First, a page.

The case was investigated by the U.S. Department of Health and Human Services – Office of Inspector General, the FBI, the and the Texas Attorney General’s Medicaid Fraud Control Unit and were brought as part of the Medicare Fraud Strike.

Assistant U.S. Attorney Katherine Pfeifle prosecuted.

Cleveland Doctor Sentenced in Hospice Fraud Case

Monday, August 14, 2017

OXFORD, Miss. – Robert H. Norman, Acting United States Attorney for the Northern District of Mississippi; Derrick L. Jackson, Special Agent in Charge at the U.S. Department of Health and Human Services, Office of Inspector General; Christopher Freeze, Special Agent in Charge at the Federal Bureau of Investigationand Mississippi Attorney General Jim Hood announced that:

Dr. Nathaniel Brown, 62, of Cleveland, Mississippi, was sentenced Thursday, August 10, 2017 before United States District Judge Neal B. Biggers, Jr. in Oxford, Mississippi. Dr. Brown was sentenced to serve thirty-nine (39) months in federal prison followed by three (3) years supervised release and ordered to pay $1,941,254 in restitution to the Medicare program.

In January, Dr. Brown pled guilty to conspiracy to commit healthcare fraud in violation of 18 U.S.C. §§ 1347 & 1349. Brown admitted to referring patients who were not hospice appropriate to Milestone Hospice and Sandanna Hospice which led to $1,941,254 in Medicare payments to Milestone and Sandanna. Brown also admitted to receiving $47,750 in payments by check from the hospice owner in addition to cash payments.

Dr. Brown is a corrupt doctor who participated in a hospice scam to exploit patients and their families,” said Special Agent in Charge Derrick L. Jackson, of the U.S. Department of Health and Human Services, Office of Inspector General. “The verdict today should send a clear message to dishonest medical professionals who abuse our health care system – they will be caught and face significant criminal charges.”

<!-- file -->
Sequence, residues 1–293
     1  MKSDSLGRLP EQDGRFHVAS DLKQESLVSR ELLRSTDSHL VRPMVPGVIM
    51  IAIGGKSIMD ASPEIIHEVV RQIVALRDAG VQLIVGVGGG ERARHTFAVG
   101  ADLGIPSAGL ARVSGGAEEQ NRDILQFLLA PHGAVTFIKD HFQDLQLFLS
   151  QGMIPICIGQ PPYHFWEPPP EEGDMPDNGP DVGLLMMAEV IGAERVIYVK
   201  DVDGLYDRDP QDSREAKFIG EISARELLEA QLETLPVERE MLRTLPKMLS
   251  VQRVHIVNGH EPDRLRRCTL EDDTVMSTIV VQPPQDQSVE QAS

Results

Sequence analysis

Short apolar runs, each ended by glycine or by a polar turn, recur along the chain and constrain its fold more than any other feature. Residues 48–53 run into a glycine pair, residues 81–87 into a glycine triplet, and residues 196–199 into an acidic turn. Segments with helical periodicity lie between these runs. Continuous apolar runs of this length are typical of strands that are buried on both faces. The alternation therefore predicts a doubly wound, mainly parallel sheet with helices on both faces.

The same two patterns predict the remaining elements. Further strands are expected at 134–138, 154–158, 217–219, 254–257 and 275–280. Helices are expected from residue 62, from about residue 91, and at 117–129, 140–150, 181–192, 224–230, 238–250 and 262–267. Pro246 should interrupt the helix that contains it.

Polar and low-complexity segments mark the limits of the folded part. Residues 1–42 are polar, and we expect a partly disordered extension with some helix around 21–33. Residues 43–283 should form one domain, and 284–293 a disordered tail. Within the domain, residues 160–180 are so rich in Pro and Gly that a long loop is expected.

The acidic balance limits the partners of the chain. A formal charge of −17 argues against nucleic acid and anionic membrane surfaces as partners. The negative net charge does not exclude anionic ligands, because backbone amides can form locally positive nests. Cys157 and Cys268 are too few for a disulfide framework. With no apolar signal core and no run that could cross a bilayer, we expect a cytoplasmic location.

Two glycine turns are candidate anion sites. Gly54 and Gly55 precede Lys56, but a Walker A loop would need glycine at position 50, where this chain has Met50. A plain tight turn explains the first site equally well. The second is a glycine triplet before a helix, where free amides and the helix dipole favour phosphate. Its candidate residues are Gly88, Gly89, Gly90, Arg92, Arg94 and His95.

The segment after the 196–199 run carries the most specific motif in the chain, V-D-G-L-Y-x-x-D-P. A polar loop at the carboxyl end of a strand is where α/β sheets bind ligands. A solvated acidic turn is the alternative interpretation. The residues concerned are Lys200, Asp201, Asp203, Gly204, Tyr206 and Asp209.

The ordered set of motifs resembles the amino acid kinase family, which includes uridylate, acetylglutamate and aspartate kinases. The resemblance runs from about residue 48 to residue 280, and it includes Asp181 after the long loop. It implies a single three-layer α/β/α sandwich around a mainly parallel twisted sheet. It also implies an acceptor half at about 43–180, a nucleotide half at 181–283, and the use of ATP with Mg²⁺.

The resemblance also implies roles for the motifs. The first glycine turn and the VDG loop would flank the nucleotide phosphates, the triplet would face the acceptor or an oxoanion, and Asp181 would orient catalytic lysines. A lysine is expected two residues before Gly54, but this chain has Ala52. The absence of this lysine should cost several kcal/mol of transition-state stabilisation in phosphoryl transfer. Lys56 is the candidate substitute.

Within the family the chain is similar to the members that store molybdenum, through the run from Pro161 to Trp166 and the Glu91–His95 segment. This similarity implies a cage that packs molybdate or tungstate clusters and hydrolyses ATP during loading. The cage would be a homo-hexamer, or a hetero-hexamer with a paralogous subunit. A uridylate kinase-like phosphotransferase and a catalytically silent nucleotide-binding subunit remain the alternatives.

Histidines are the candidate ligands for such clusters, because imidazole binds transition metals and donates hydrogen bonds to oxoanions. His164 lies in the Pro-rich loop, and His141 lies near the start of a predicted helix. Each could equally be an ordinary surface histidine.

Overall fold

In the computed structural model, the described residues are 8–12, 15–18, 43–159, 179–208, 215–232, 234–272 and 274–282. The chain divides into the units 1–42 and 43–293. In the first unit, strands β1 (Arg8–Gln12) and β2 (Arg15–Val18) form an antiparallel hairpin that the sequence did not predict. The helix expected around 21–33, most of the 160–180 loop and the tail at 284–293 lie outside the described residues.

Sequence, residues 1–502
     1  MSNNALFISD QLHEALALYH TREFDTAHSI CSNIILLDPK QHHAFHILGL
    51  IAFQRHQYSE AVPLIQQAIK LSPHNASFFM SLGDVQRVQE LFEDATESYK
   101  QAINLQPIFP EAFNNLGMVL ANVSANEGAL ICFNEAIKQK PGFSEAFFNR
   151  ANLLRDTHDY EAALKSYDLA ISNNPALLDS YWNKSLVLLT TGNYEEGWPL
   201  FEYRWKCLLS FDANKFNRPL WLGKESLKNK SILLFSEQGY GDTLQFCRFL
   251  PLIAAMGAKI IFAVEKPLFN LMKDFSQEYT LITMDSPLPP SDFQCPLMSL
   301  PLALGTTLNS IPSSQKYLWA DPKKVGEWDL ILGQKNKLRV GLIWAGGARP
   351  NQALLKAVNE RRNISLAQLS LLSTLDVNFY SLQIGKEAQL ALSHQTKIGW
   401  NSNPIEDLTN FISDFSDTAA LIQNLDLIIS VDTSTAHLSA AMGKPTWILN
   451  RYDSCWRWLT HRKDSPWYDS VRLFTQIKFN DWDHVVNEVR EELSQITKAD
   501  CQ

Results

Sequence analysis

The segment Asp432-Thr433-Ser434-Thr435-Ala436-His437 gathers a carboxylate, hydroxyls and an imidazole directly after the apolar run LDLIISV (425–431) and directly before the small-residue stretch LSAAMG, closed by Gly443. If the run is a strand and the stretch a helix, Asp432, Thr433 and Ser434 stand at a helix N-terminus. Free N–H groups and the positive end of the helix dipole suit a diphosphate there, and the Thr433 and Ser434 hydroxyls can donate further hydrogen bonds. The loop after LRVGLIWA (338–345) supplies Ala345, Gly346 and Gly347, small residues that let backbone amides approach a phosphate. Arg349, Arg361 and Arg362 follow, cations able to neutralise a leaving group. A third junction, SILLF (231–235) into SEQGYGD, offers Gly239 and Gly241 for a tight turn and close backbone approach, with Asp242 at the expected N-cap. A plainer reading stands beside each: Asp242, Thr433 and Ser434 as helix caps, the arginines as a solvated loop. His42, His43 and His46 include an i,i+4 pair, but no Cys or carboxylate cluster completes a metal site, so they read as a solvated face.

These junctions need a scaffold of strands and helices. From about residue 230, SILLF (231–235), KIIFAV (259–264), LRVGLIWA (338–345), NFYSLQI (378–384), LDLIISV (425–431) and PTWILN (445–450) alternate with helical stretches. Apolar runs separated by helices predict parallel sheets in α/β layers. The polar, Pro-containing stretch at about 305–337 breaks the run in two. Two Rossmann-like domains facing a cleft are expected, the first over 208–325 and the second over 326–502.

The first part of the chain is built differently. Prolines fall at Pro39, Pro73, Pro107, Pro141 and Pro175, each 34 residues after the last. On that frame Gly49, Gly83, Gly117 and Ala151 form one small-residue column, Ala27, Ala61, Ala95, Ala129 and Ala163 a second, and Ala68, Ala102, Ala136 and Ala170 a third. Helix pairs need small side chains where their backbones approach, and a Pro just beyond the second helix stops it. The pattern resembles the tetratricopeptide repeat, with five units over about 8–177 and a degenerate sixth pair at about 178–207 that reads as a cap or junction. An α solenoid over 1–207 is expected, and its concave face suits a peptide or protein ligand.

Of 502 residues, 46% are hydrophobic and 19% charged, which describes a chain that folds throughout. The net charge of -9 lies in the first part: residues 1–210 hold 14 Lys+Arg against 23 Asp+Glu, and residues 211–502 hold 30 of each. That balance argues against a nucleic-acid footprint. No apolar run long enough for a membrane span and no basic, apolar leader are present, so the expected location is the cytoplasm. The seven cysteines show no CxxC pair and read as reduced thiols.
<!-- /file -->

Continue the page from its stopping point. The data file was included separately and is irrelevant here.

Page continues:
“Joint investigations continue to be indispensable in the fight against fraud in healthcare benefit programs,” said Attorney General Jim Hood. “We will continue to work with our federal and state partners in this ongoing battle to protect the resources needed to serve our most vulnerable citizens.”

“It is important the Medicare fund is properly guarded against inappropriate billing by health care providers, and patients are receiving those services billed to Medicare,” said Christopher Freeze, Special Agent in Charge of the FBI in Mississippi. “The FBI will continue to take a strong stance against individuals who engage in health care fraud.”

This case was investigated jointly by the US Department of Health and Human Services, Office of Inspector General, the Medicaid Fraud Control Unit of the Mississippi Attorney General’s Office and the Federal Bureau of Investigation, and is being prosecuted by Assistant United States Attorneys Clay Dabbs and Clay Joyner.

Houston Home Health Agency Owner Sentenced to 480 Months in Prison for Conspiring to Defraud Medicare and Medicaid of More Than $17 Million

Friday, August 18, 2017

WASHINGTON – The owner and operator of five Houston-area home health agencies was sentenced on Thursday to 480 months in prison for conspiring to defraud Medicare and the State of Texas’ Medicaid-funded Home and Community-Based Service (HCBS) and Primary Home Care (PHC) Programs of more than $17 million and launder the money that he stole from Medicare and Medicaid.  The HCBS and PHC Programs provided qualified individuals with in-home attendant and community-based services that are known commonly as “provider attendant services” (PAS).  This case marks the largest PAS fraud case charged in Texas history.

Acting Assistant Attorney General Kenneth A. Blanco of the Justice Department’s Criminal Division, Acting U.S. Attorney Abe Martinez of the Southern District of Texas, Special Agent in Charge Perrye K. Turner of the FBI’s Houston Field Office, Special Agent in Charge C.J. Porter of the Department of Health and Human Services Office of the Inspector General’s (HHS-OIG) Dallas Regional Office, Special Agent in Charge D. Richard Goss of IRS Criminal Investigation’s (CI) Houston Field Office and the Texas Attorney General’s Medicaid Fraud Control Unit (MFCU) made the announcement.

Godwin Oriakhi, 61, of Houston, was sentenced by U.S. District Judge Sim Lake of the Southern District of Texas.  In March 2017, Oriakhi pleaded guilty to two counts of conspiracy to commit health care fraud and one count of conspiracy to launder monetary instruments.